When you are a parent, potty training can be a process of trial and error. It can be both exciting and quite frustrating. Rest assured, eventually your child will be potty trained. There are very few teenagers running around in diapers!
That being said, there are proven potty training strategies that have worked for parents over the years. Let’s take a look at a few of them to make the potty training process as easy and painless as possible.
Is your child ready?
Wait until your child is ready for potty training before you begin. Many parents, undoubtedly excited to be done with the whole diaper thing, rush potty training. Good intentions aside, if a child isn’t mentally and physically ready to learn how to use a toilet, the potty training process is going to take much longer and be frustrating for the both of you.
Signs your child is ready to begin potty training include:
- Frequent dry or clean diapers
- Curiosity about the toilet
- Communication regarding their potty habits ñ if a child tells you they just peed or they have to pee they’re ready for potty training.
Make sure you have the right gear.
There are a lot of potty training aids available. From small portable potty chairs to floating targets you can place in the toilet to help your little boy aim and enjoy the training process. Getting the gear before you begin training will help you and your child create a structure and a routine around potty training.
It also helps to have potty training friendly clothing. There’s nothing more frustrating than a child who tells you they have to go potty and then having them wet their pants because it took too long to get their clothing off. Slips on pants are the easiest and of course skirts and dresses make it easy for girls.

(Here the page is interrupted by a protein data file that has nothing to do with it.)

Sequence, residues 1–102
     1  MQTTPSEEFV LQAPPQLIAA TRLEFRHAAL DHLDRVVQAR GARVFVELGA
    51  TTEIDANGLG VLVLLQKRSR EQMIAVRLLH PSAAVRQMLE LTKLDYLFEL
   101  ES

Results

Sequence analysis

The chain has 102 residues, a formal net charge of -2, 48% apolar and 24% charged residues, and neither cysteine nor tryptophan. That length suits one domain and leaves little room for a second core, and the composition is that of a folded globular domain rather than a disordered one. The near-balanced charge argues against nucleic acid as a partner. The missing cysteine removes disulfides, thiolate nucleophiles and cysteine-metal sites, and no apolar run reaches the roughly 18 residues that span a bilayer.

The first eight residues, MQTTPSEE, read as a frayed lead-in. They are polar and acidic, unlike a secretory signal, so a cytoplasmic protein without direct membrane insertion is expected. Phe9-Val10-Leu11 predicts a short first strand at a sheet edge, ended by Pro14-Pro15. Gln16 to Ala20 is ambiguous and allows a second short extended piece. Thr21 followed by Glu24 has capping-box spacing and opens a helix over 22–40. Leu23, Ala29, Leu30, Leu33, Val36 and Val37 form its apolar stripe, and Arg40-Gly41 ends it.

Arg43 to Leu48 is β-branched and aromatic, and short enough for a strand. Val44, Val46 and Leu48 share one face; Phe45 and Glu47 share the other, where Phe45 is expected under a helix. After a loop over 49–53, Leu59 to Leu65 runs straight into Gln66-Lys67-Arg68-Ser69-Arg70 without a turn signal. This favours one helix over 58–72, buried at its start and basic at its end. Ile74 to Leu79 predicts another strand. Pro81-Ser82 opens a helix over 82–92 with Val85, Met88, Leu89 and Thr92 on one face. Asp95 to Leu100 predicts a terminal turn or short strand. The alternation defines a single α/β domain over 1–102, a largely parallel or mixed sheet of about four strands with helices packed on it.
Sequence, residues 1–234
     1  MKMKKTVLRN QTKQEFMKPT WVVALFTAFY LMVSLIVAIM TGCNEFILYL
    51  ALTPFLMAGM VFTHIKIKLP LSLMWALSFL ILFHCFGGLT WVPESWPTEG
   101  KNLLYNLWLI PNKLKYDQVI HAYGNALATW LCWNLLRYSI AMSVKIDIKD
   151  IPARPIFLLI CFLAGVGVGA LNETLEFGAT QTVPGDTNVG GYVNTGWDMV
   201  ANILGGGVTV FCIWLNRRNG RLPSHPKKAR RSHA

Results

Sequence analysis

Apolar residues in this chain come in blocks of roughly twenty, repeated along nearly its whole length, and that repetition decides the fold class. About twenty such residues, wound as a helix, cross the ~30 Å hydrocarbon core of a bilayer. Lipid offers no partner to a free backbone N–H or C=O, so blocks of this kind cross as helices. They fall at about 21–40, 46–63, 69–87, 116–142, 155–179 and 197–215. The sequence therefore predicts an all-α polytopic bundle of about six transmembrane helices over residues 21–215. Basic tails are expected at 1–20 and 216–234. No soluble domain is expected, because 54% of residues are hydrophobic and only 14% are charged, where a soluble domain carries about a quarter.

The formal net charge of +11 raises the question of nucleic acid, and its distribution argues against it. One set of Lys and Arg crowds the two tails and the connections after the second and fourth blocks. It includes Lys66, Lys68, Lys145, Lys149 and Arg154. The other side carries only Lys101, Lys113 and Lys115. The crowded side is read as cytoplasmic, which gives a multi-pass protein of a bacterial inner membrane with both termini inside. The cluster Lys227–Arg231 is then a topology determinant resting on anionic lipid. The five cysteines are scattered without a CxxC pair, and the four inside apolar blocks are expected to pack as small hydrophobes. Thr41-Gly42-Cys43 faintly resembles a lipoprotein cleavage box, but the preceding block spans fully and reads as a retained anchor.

Have a positive mindset.
Mistakes will happen and children will make huge leaps forward only to then have really bad potty training days or weeks. Reward and celebrate successes and stay focused on having a positive attitude. Recrimination, punishment and yelling only makes a child feel bad about themselves, it doesn’t further the potty training process.
Know that it’s much easier for a child to be aware of their body during the daytime and nighttime accidents can happen well into elementary school. Be prepared. Protect your child’s pride and their belongings with a mattress pad, rules about drinking before bedtime and support and understanding.
The potty training process can take a while and each child’s experiences are different. Be patient, be positive and be prepared!
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